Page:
With a daughter in high school I am now faced with the horrors of homework on a daily basis. It has been without a doubt difficult and stressful. Sometimes, before we even start, the mention of homework causes anxiety to rise. For someone with learning difficulties and slow processing speed saying “finish it for homework” inevitably sets the most homework for the child that is the least capable of getting it done.
In primary school I had an arrangement with teachers that her tutor and I would set her homework. This allowed us the freedom to assess her mental health before attempting any homework and focusing on remediation in areas that she desperately needed. My daughter is absolutely exhausted after a day at school. Homework can be extremely challenging to complete. We still have it in her adjustments that homework is at my discretion. So I decide whether it is worthwhile. Something I can do after working with my daughter for 6 years and as a former high school teacher. Often concepts have to be retaught by me before she can attempt homework as children with learning difficulties need repetition. Often concepts are either not understood or forgotten.
We have attempted most assessment task so far without adjustment but this has taken its toll and the latest extensive assessment task we have asked to be adjusted to meet her learning needs. If a child can not complete an assessment task or homework without significant help than that task needs to be adjusted. Parents you have already been to school and it is not your homework.
Assessment tasks and homework need to be adjusted to meet the learning needs of students with dyslexia. Modifications need to be made in format, content and amount. Failure to adequately adjust homework tasks and assignments may lead to increased stress on the child with dyslexia. This is an important consideration when secondary issues such as low self esteem, anxiety and depression are common. Not making adjustments to homework may see school’s in breach of the DDA and Disability Standards for Education.
Homework needs to be adequately explained to students with dyslexia. Teachers should check that the child understands the task. Organisational and memory difficulties are characteristics of dyslexia. Students should be encouraged to adequately record and keep track of homework through the use of assignment books, homework planners and written or digital calendars. Parents of younger students should be informed of assignments and homework tasks.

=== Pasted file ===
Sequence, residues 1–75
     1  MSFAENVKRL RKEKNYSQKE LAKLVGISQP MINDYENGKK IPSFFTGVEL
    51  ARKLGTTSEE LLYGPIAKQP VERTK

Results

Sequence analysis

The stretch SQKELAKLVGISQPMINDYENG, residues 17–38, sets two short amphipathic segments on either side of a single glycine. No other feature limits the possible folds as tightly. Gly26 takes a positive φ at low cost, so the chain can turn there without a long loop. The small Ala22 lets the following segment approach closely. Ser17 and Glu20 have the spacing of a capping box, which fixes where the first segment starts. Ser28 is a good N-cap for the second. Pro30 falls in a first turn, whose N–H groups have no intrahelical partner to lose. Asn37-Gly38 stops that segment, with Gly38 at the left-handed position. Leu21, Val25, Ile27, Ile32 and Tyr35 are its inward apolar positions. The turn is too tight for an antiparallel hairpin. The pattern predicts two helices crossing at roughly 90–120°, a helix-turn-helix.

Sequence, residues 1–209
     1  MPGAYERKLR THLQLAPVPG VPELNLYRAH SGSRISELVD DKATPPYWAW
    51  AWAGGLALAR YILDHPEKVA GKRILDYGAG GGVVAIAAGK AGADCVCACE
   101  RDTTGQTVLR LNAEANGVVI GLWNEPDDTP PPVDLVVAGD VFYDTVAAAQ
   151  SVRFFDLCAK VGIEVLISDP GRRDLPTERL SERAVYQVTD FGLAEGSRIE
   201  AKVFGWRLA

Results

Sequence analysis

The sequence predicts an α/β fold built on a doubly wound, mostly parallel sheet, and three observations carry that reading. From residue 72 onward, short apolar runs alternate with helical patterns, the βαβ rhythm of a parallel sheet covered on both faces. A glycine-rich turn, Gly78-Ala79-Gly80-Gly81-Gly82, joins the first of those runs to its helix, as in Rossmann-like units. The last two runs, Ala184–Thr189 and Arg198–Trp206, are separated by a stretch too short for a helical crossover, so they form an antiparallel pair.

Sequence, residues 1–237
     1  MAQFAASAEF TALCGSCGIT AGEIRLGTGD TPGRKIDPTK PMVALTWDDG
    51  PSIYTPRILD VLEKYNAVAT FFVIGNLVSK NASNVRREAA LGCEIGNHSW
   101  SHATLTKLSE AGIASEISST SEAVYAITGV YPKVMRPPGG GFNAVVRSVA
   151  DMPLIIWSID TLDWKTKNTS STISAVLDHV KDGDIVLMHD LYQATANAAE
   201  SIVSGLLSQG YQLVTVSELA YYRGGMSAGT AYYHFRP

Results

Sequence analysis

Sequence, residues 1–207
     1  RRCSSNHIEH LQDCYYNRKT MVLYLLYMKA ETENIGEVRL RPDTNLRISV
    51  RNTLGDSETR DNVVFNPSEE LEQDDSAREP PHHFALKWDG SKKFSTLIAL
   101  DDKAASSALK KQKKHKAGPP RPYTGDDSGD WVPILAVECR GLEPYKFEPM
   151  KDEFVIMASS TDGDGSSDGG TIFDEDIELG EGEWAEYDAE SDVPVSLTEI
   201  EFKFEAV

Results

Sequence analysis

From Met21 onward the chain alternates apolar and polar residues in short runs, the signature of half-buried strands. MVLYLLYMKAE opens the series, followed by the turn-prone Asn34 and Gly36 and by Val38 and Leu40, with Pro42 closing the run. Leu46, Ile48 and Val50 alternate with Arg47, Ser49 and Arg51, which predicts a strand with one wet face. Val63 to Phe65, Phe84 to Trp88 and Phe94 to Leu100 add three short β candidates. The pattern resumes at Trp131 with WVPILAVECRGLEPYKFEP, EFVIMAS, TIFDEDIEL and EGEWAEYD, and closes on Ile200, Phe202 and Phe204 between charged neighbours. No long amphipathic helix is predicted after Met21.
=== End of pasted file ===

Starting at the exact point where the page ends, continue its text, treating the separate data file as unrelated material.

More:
“It is generally agreed that teachers should assign homework that takes into account the needs of the students. This is especially the case of children with learning disabilities in mainstream schools. Research has shown that tasks which may be simple for some students may take a student with a learning disability a considerable amount of time to comprehend and complete.” Education and Training Committee, Inquiry into the approaches to homework in Victorian schools (2014)
Priority must be given to the remediation of a student’s weaknesses. This should include focusing on individualised homework set by dyslexia specialists and learning support teachers. The amount of homework set for students with dyslexia or other learning difficulties needs to be set with the consultation of the teacher, parent and student. Students with dyslexia require extra time to complete the same amount of work. Students with dyslexia are often extremely mentally and physically tired at the end of a school day due to the additional cognitive load required to produce the same work as their peers.
It is far more valuable for the student to be given less homework that can be completed well than to burden a student with excessive homework. Consideration must also be given to the fact that students with dyslexia will require assistance from an adult to complete homework thus affecting the harmony of the parent child relationship. Parents with children with dyslexia often report concerns about the anxiety, stress and battles that homework creates in the house.
It is important that homework priority is given to reading for students with dyslexia. Students should read 10 minutes out loud to a parent and 20 minutes of silent reading. Reading should also be modelled to the child by an adult. Daily reading is essential.
“Homework can be effective in supporting learning if it:
-Is varied and differentiated to individual learning needs
-Allows time for family, recreational, community and cultural activities and employment pursuits relevant to the student’s age, development and educational aspirations
-Is balanced across learning areas to avoid stress and overload
-Is achievable and leads to an increase in students’ self-confidence
-Is disassociated from any form of punishing students or a means of discipline
-Refrains from requiring dependence on unreasonable levels of parental assistance or resources that are not readily available to the student (e.g. when assigning homework which may have a computer component, where appropriate a suitable alternative should be made available)”
Tasmanian Department of Education Homework guidelines (2012)
Adjustments need to be made for children with learning difficulties in the setting of homework and assessment tasks. Often even the task itself has such a high literacy requirement that the child may not even understand what they are suppose to do. Homework that is set at a too difficult standard that substantial parental involvement is required not only destroys family harmony but is against the fundamental principle that homework should be a revision of class work. Take some time to adjust or discuss with parents the setting of homework for kids with learning difficulties.